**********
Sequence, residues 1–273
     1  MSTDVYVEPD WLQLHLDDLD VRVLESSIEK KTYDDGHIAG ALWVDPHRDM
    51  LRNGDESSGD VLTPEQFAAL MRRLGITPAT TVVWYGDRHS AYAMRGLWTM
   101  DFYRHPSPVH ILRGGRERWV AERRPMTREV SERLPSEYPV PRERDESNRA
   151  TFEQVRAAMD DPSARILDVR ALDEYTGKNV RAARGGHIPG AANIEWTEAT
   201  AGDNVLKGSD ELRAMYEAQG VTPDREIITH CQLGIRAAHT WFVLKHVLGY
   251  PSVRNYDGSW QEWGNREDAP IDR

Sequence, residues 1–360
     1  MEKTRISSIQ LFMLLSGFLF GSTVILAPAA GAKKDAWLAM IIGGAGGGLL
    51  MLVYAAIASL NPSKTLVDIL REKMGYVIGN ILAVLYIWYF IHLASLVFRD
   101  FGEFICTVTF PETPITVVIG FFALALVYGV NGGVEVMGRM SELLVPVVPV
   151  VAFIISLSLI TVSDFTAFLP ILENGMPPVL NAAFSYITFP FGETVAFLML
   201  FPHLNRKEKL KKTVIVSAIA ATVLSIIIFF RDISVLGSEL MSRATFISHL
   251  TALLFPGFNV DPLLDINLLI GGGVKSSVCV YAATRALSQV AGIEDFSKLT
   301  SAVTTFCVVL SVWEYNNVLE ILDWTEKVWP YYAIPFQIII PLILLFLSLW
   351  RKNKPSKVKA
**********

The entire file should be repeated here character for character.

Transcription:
Sequence, residues 1–273
     1  MSTDVYVEPD WLQLHLDDLD VRVLESSIEK KTYDDGHIAG ALWVDPHRDM
    51  LRNGDESSGD VLTPEQFAAL MRRLGITPAT TVVWYGDRHS AYAMRGLWTM
   101  DFYRHPSPVH ILRGGRERWV AERRPMTREV SERLPSEYPV PRERDESNRA
   151  TFEQVRAAMD DPSARILDVR ALDEYTGKNV RAARGGHIPG AANIEWTEAT
   201  AGDNVLKGSD ELRAMYEAQG VTPDREIITH CQLGIRAAHT WFVLKHVLGY
   251  PSVRNYDGSW QEWGNREDAP IDR

Sequence, residues 1–360
     1  MEKTRISSIQ LFMLLSGFLF GSTVILAPAA GAKKDAWLAM IIGGAGGGLL
    51  MLVYAAIASL NPSKTLVDIL REKMGYVIGN ILAVLYIWYF IHLASLVFRD
   101  FGEFICTVTF PETPITVVIG FFALALVYGV NGGVEVMGRM SELLVPVVPV
   151  VAFIISLSLI TVSDFTAFLP ILENGMPPVL NAAFSYITFP FGETVAFLML
   201  FPHLNRKEKL KKTVIVSAIA ATVLSIIIFF RDISVLGSEL MSRATFISHL
   251  TALLFPGFNV DPLLDINLLI GGGVKSSVCV YAATRALSQV AGIEDFSKLT
   301  SAVTTFCVVL SVWEYNNVLE ILDWTEKVWP YYAIPFQIII PLILLFLSLW
   351  RKNKPSKVKA